COVID-19 Vaccines Approved For Children 5 – 11 – What You Should Know



A message from Dr. Unjali Malhotra, FNHA Office of the Chief Medical Officer

As a medical doctor, I am excited about the approval of a COVID-19 vaccine for children aged five to 11. This approval sets the stage for what is arguably the most important childhood vaccination campaign since the polio vaccine was developed in the 1950s. As the mother of a child who is under 12, I have a personal reason for wanting the vaccines available to protect my entire family.

Vaccine trials for children aged five to 11 show very positive results. Health Canada has just approved the Comirnaty (Pfizer-BioNTech) vaccine and the Spikevax (Moderna) vaccine is under review.

You may have heard it said that children are resilient — even against COVID-19. This is true. They have been so strong throughout these past two years. Like adults, some children can have the virus without showing any symptoms and when they do get symptoms, they can be milder than those experienced by adults.

However, children can also become very sick with COVID-19, particularly children with weakened immune systems and those with pre-existing lung conditions. The fact is, we can't predict which children will become severely ill or have long-term effects from COVID-19, such as MIS-C (multisystem inflammatory syndrome) and long COVID (symptoms that last for months). There have also been 17 deaths of children due to COVID-19 in Canada. That is 17 too many.

With newer variants emerging, including the more contagious and serious Delta variant, we are seeing more cases of children with COVID-19. Canadians under 12 currently make up over 20 per cent of COVID cases. This makes sense as children under 12 are now the largest group of unvaccinated Canadians.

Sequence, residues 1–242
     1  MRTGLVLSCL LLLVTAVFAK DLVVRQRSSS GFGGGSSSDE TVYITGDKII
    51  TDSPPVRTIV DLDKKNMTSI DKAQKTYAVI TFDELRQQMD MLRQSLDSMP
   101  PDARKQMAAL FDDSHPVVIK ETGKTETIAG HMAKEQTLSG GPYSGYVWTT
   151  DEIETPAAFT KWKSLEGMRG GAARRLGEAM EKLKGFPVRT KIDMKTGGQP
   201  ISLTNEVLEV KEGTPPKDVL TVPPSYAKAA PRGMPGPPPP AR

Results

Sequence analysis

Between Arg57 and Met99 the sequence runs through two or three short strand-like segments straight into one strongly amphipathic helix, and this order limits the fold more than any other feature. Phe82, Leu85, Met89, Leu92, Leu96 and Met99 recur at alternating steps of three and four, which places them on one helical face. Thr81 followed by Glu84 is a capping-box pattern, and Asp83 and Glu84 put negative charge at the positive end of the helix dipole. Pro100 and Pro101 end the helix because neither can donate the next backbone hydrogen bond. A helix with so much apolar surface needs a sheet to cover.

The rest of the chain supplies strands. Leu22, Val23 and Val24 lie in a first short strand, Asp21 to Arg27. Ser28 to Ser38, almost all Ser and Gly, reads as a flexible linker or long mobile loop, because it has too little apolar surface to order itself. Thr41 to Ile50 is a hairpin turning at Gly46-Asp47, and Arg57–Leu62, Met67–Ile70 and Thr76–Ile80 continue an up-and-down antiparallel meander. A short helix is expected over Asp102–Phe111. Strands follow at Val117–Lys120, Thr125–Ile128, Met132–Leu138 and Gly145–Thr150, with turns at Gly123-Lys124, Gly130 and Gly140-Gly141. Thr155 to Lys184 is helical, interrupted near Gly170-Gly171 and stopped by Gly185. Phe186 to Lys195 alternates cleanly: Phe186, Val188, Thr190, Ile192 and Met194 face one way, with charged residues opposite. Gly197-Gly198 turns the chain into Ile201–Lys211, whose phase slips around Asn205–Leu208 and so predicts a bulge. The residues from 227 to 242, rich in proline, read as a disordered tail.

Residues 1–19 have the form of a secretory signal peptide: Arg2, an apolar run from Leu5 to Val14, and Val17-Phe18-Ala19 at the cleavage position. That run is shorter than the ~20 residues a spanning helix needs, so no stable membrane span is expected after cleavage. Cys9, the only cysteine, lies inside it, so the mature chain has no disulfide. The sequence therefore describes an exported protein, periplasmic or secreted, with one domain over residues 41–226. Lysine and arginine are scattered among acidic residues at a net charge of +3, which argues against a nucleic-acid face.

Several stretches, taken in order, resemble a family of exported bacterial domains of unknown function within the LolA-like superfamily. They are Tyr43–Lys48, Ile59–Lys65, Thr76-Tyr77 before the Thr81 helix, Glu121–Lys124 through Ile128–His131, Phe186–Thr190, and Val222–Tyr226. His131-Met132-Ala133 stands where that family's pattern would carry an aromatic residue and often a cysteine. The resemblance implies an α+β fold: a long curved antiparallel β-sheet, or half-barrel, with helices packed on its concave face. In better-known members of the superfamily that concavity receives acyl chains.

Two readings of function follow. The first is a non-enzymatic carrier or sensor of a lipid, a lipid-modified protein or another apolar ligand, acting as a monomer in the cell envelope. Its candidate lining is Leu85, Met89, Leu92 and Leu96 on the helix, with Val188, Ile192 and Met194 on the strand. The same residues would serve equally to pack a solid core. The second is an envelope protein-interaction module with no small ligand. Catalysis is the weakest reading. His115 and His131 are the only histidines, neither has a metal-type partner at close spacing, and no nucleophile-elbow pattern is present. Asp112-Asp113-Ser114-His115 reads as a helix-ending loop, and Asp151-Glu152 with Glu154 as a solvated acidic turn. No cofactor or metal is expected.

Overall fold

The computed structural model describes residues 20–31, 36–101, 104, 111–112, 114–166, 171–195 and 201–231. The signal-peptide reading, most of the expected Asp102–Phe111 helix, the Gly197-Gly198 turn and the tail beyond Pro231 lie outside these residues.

The vaccines that will be available for children are similar to the ones for adults, albeit in smaller doses. Based on current data, t​he Comirnaty and Spikevax mRNA vaccines are safe, effective and have already been given to millions of children worldwide.

The vaccine dose for children is designed to work with their very strong immune systems. This is common for pediatric vaccines, which often have a smaller dose of the same active ingredient or active vaccine product as the adult version.

As with other childhood vaccines, the benefits of immunizing your children against COVID-19 are greater than the risk of leaving them exposed.

Parents can register their children now at and they will be notified when they can book an appointment. Note that eligibility for children will be based on their birth date (a minimum age of five years) and not their birth year as was the case with youth aged 12 to 17.

The FNHA, the BC Centre for Disease Control, the Government of BC, ImmunizeBC and HealthLinkBC are all working together to help parents make an informed decision about vaccination, book their vaccine appointments easily, and provide any necessary post-vaccination care and information.

It's our responsibility as adults to protect children — not just by vaccinating them but by ensuring the whole family​ is vaccinated, too.


Resources from the BC Centre for Disease Control
COVID-19 vaccine superhero: Jesse's story (colour ​| black and white)​

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